We will be adding an option for our patients that want full privacy in the near future, for a limited time. Probably 3 months. I figured I can’t be the only person that needs this in Franklin. If people like the option, we will keep it. Dr Horton will see these people, and I will continue as usual.
Give me your feedback and check back soon.
I can’t believe the day has finally come that I get to share KCA with my sister, Dr. Horton, who is also a neurologist. What are the odds? She’s extremely smart and as hard working as I am. I can barely wait for her to start later this year. Our personality types are also very complimentary for a biz (I am ENTP and she is ENTJ– Myers Briggs personality types). Even crazier, only 2% of females are ENTJ. So she is a rare bird. She will be able to contribute to KCA in a way I cannot, and vise versa. I have no right to complain about anything (even though I do because I get tired and aggravated like everyone else). But I have taught myself ways to keep my vibrations elevated and I no longer allow the negativity of patients an other people infect or affect me (my success rate isn’t 100% yet, but it’s over 50% now- up from 0%). I just release negative people and patients so I have the energy to focus on the many, many patients that are grateful for my service, my husband’s service, and the service of the KCA staff.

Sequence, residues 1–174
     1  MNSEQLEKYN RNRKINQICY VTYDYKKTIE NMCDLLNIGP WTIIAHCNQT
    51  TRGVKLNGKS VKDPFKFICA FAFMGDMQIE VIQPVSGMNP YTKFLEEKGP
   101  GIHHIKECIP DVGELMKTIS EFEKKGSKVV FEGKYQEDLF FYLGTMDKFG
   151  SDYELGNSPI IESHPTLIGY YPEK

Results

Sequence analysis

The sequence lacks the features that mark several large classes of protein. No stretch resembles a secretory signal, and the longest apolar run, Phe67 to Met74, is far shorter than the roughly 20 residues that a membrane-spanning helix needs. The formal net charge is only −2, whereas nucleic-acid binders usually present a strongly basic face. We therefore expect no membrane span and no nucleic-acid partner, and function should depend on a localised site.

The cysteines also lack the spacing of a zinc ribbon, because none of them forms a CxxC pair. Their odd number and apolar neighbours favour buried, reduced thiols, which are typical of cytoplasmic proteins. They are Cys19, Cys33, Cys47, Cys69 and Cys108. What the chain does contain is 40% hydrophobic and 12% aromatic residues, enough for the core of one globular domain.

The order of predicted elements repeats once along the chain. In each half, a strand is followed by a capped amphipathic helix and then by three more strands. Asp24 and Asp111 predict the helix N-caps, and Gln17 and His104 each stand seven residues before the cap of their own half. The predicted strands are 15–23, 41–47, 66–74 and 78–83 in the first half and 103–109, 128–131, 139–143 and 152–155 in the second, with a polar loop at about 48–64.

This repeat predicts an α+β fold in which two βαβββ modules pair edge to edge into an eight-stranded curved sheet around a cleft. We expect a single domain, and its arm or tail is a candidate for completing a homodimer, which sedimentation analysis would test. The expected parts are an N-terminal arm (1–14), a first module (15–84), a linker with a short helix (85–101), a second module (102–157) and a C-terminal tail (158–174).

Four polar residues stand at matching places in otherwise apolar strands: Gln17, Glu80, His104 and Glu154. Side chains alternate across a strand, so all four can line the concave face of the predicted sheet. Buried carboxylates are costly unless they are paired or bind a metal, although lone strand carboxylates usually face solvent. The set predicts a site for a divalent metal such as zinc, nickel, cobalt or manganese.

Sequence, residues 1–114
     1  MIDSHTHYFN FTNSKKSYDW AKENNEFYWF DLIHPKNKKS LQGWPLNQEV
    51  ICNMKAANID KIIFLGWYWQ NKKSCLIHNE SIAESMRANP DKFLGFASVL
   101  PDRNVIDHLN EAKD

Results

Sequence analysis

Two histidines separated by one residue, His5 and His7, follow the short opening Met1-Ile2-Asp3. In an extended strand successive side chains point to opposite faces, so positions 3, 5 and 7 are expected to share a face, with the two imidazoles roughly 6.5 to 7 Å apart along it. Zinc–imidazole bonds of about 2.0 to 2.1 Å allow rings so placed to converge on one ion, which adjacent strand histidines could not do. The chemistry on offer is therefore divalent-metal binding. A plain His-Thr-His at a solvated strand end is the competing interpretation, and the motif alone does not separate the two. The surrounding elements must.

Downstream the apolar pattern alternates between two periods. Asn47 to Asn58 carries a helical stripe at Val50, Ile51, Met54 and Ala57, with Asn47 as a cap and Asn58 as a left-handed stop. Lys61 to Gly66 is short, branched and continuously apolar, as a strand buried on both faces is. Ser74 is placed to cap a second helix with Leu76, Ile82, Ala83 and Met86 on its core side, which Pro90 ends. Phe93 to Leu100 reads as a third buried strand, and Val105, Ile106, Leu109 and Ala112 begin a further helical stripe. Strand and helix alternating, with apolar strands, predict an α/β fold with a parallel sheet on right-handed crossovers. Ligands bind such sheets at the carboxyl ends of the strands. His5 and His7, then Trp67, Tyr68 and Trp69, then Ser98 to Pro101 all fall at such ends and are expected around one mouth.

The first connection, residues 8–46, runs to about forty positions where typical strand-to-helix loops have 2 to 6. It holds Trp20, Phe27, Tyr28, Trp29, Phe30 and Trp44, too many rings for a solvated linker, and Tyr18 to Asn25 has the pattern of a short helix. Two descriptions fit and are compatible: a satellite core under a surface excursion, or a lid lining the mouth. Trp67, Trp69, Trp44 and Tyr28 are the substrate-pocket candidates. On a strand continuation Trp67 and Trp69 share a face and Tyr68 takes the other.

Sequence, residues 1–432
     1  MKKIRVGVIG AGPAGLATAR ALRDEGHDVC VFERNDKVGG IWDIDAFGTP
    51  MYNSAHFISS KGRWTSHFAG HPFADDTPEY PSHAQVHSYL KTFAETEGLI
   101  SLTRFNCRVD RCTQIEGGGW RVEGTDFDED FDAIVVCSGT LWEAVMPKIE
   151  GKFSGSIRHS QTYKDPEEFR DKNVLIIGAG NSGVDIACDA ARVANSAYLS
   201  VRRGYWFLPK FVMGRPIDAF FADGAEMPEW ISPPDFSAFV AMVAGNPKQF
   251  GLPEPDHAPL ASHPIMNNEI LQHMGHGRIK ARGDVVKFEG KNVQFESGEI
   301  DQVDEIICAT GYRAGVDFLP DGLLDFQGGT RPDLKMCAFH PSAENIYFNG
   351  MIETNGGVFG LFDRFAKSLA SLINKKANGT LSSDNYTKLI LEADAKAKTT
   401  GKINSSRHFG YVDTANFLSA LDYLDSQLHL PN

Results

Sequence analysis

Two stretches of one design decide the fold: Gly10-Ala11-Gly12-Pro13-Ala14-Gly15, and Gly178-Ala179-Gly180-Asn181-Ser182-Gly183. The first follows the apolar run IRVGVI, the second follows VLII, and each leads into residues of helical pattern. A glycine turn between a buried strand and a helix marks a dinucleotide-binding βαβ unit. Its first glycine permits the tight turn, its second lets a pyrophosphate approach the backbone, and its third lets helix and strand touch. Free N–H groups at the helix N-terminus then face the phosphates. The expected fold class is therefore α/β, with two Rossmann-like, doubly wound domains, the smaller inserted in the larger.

I’m a work in progress (as is KCA, by extension). You should be too.
Develop an attitude of gratitude, and give thanks for everything that happens to you, knowing that every step forward is a step toward achieving something bigger and better than your current situation.
I probably should have read this quote this morning. My day would have been much less stressful. I have screened many resumes, interviewed several people, had them complete pre-employment testing; but I haven’t found the right people- yet. Sooo, today was completely chaotic. EMGs and Botox injections all day, plus turning rooms over, drawing up Botox, keeping up with everything clinical, writing notes, dictating EMG reports, and so on and so on and so on. Still here in fact, but I needed a break.
So I figured now would be a good time to consider that for which I am grateful, so I can change my attitude, that has been admittedly foul all day.